Advisers agree that from a staff incentive point of view, the EMI is most effective for companies that have a flotation or trade sale in their plans. Hood says the issue with trade sales is - as ever - finding a buyer.

Some companies set up a trust to buy the options in the event of someone wanting to sell. Others will try and set up a mini-market for share options, especially if the business is mature enough to have perhaps six or seven shareholders. 'They will find it easier to motivate staff if there is an end-point,' he says.

With a company that plans to float, the advantages of EMI are particularly strong. Staff have all the more reason to work to achieve a higher share price at issue.

Defying the sceptics

Nick Wallis says that although the introduction of EMI was greeted with a degree of scepticism it has not proved difficult to administer from a regulatory point of view. Initially, the scheme looked similar to early profit-related pay set-ups, in that there seemed to be scope for the Revenue to crawl over each and every arrangement.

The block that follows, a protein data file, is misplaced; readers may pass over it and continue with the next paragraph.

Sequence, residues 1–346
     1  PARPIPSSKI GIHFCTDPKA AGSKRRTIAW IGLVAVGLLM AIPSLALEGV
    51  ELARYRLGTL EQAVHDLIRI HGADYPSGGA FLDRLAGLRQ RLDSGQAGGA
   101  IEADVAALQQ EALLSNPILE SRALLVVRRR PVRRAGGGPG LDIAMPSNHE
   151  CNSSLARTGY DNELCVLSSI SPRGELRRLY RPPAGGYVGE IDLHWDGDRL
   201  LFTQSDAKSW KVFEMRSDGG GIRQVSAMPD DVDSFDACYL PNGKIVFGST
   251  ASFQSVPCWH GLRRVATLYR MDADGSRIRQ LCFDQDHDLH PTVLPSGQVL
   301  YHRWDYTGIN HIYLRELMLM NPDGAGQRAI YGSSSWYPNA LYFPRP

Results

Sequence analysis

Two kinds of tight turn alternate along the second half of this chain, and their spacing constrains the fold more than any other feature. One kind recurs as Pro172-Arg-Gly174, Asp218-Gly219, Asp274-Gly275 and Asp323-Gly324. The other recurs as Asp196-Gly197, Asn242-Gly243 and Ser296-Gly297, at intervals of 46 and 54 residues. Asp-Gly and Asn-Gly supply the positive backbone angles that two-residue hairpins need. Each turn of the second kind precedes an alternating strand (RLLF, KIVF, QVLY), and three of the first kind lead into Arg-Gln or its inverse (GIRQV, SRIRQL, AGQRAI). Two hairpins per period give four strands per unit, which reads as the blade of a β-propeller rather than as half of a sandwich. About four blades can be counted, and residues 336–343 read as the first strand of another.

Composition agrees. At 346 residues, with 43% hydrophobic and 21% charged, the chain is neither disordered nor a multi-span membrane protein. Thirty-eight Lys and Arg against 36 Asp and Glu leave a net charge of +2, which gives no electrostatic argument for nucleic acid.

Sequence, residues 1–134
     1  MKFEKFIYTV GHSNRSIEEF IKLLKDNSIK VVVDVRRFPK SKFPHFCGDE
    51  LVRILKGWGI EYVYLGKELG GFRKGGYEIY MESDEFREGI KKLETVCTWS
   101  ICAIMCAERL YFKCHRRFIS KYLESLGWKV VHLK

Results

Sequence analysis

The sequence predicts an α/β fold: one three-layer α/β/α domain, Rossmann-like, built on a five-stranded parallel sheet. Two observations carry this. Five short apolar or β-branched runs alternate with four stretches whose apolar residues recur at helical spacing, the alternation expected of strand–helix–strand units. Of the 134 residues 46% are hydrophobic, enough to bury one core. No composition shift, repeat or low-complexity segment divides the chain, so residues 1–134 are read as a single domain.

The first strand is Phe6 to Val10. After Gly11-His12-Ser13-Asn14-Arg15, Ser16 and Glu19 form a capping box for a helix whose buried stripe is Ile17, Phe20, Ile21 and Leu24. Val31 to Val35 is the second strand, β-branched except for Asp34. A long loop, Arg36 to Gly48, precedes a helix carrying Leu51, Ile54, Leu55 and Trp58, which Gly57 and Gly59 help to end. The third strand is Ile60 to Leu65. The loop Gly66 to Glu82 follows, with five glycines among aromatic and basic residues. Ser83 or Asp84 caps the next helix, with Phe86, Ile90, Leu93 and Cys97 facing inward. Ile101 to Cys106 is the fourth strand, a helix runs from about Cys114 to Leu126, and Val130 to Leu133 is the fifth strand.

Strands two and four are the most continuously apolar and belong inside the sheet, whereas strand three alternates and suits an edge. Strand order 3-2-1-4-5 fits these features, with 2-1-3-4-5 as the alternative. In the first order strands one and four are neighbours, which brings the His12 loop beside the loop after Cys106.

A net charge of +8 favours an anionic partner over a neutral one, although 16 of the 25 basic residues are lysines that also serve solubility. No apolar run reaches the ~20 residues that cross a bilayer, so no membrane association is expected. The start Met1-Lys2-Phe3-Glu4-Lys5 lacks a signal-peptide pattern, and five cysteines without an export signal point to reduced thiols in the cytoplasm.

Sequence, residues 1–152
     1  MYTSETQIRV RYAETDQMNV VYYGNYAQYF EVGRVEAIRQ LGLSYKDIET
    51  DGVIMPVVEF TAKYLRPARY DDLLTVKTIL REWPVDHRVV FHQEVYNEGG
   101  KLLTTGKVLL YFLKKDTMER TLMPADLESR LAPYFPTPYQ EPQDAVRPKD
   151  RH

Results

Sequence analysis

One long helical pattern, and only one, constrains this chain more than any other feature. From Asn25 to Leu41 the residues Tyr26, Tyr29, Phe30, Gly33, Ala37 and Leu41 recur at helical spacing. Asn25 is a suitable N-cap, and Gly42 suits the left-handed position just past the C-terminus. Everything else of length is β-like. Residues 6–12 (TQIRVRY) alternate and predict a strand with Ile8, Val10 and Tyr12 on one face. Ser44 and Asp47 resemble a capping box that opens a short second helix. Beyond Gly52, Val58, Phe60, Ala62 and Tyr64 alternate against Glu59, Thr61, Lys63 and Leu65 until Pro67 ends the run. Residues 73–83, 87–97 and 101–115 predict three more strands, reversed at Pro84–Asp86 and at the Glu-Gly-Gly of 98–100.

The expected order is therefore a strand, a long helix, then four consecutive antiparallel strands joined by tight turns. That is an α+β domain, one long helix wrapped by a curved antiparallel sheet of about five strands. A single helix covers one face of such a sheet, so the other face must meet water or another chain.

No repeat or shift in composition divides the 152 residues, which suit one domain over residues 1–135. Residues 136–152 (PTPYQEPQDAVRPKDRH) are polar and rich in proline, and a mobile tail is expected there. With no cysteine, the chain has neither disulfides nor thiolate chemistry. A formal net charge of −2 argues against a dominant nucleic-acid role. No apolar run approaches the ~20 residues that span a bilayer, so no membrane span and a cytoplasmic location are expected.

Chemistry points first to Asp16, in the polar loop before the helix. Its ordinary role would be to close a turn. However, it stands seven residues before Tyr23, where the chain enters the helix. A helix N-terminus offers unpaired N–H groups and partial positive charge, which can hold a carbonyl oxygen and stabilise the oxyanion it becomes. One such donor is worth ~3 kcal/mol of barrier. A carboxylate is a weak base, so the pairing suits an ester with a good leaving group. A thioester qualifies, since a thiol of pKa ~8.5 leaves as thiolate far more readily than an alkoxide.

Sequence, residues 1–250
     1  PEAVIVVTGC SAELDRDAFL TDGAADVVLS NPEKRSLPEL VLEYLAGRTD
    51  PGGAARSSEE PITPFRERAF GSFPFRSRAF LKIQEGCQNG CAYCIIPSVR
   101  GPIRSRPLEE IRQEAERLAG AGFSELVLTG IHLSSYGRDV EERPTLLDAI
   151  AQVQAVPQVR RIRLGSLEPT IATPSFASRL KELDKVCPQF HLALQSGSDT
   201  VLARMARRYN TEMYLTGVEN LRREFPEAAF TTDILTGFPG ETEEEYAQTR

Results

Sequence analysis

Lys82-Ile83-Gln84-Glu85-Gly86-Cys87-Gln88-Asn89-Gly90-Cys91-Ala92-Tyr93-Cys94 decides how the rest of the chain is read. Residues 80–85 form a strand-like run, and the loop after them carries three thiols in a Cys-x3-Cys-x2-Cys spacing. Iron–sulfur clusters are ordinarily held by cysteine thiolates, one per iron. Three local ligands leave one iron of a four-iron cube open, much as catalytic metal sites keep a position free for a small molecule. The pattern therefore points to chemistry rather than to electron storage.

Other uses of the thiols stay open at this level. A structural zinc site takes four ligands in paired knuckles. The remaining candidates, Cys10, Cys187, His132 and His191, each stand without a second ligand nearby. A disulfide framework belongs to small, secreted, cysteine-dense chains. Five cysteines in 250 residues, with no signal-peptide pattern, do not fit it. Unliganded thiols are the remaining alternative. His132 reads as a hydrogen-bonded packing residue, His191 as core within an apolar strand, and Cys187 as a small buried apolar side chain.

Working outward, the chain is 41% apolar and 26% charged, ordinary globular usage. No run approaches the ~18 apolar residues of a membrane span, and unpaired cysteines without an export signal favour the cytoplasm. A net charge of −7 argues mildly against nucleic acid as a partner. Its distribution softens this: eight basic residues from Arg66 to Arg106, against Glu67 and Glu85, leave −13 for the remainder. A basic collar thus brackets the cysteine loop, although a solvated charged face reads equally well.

In practice, the Revenue has shown a commendable light touch in its regulation of EMI, he says. Providing advisers keep within the guidelines, the Revenue remains non-interventionist.

Wallis says the trick with EMI is to take the administrative load off the client. 'There are plenty of pitfalls if you forget to notify the Revenue, or forget to register the scheme. We take care of all those elements for clients. We diarise each scheme, make sure returns go in and so on.

But in essence there are only two things to get right: communicating the scheme and getting on top of the administration.'

Tax treats